The approaches for surgical resection of neoplasms of the lips are categorized by the methods used to restore the surgical defect. Thus they are (1) resection and primary closure, (2) resection and reconstruction with local flaps, and (3) resection and reconstruction with free tissue transfer. Limited lesions (T1 and T2) of the upper or lower lip are easily treated with a wedge resection and repaired with primary closure, particularly in older patients. Early stage lesions of the oral commissure require special consideration in reconstruction to avoid a rounded commissure. Lesions that create a surgical defect not suitable for primary closure by virtue of size or location require reconstruction with local flaps from adjacent skin and soft tissues or the opposing lip. Larger defects of the upper lip, lower lip, or commissure and composite defects, including the underlying mandible or maxilla, require complex reconstruction with composite free tissue transfer.
V Excision of the Lower Lip.
Small superficial lesions involving the vermilion border and the underlying musculature of the lip are easily amenable to an elliptical excision that can be performed under local anesthesia with very gratifying aesthetic and functional results. It is important to remember that the natural skin creases on the vermilion border are in a radial direction along the circumference of the mouth ( Fig. 7.20 ). Excision is therefore planned accordingly. The resulting scar virtually merges with the natural skin lines, resulting in a very pleasing aesthetic result. The patient shown in Fig. 7.21 has a squamous carcinoma involving the cutaneous surface of the lower lip with deep infiltration of the underlying musculature extending up to the submucosal plane on the labial aspect of the lower lip. A simple through-and-through V excision of the lower lip is planned to excise the lesion in a three-dimensional fashion ( Fig. 7.22 ). The skin incision is performed with a scalpel to maintain sharp cut edges of the skin for accurate reapproximation of the vermilion border to acheive an acceptable aesthetic result. The remainder of the operation is completed with use of an electrocautery to minimize blood loss. The inferior labial artery must be carefully identified during excision and ligated. A through-and-through surgical defect is thus created ( Fig. 7.23 ). Reapproximation of the surgical defect requires meticulous alignment of the vermilion border. A 5-0 nylon suture is placed initially at the mucocutaneous junction of the vermilion border, accurately aligning the vermilion edge. With traction on this suture, 3-0 chromic catgut interrupted sutures are placed in the subcutaneous tissue and muscular layer to approximate the orbicularis oris muscle and subcutaneous soft tissues. After this reapproximation, mucosal closure with interrupted 3-0 chromic catgut sutures starting from the gingivolabial sulcus up to the vermilion edge is performed. Finally, 5-0 nylon interrupted sutures are taken for the skin and the vermilion border. Accurate alignment of the vermilion edge results in a very pleasing aesthetic appearance ( Fig. 7.24 ).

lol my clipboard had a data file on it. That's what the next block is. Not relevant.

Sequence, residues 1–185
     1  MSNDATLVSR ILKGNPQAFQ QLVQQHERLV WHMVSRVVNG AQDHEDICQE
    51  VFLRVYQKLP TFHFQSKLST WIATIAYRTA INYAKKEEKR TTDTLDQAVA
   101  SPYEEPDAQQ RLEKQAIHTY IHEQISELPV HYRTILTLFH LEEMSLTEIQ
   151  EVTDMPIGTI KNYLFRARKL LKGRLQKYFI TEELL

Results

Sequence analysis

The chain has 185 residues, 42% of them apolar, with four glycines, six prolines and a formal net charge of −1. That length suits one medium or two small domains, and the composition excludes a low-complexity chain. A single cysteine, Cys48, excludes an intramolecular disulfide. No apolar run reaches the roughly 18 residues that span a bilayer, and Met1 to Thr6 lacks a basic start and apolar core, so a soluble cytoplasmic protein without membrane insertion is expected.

The most important indications for a lip shave operation are areas of leukoplakia with keratosis and in situ or superficially invasive carcinomas. The entire vermilion surface of the lip may require excision for these entities. The operative procedure is likely to be successful if the diseased areas of the lip are confined to the wet and dry vermilion surfaces of the lip on the vermilion border and are not of an infiltrating nature. Small and superficial limited regions of the vermilion mucosa can be excised by a lip shave procedure under local anesthesia. However, extensive lip shave procedures require administration of a general anesthetic to accomplish a satisfactory surgical resection with appropriate reconstruction using a bipedicled labial mucosal flap for restoration of the vermilion border. The patient shown in Fig. 7.25 presented with a hyperkeratotic superficial infiltrating squamous cell carcinoma involving nearly 80% of the vermilion border of the lower lip. Palpation revealed that the lesion had essentially no infiltrative component in the underlying musculature. An extensive lip shave procedure with resection of only a small amount of lip musculature is planned. The surgical procedure is performed under general anesthesia through a nasotracheal tube. Adequate excision of the vermilion border is performed through an extensive lip shave procedure in a monobloc fashion. The margins of the surgical defect must be checked by frozen section analysis to ensure adequate resection.
The surgical defect is shown in Fig. 7.26 . The mucosa of the lower lip is now mobilized all the way up to the attached gingivolabial sulcus, keeping its blood supply intact through its lateral pedicles ( Fig. 7.27 ). Thus the entire labial mucosa is mobilized throughout the extent of the lower lip in a bipedicled flap fashion. A horizontal relaxing incision is now placed in the gingivolabial sulcus. This bipedicled mucosal flap is now advanced anteriorly and externally to cover the surgical defect appropriately. Interrupted nonabsorbable sutures are used to approximate the labial mucosa to the cutaneous margin of the surgical defect. Accurate alignment of the mucosa to the remaining vermilion border is vitally important to restore the anatomic configuration of the reconstructed lower lip ( Fig. 7.28 ). The mucosal defect in the gingivolabial sulcus created by advancement of the bipedicled flap is left open to heal by secondary intention. The appearance of the patient approximately 3 months after surgery shows quite satisfactory primary healing of the lower lip with restoration of the aesthetic appearance and preservation of the functional competency of the lower lip and the oral cavity ( Fig. 7.29 ).
Lip Shave Operation With V Excision for Carcinoma of the Lower Lip.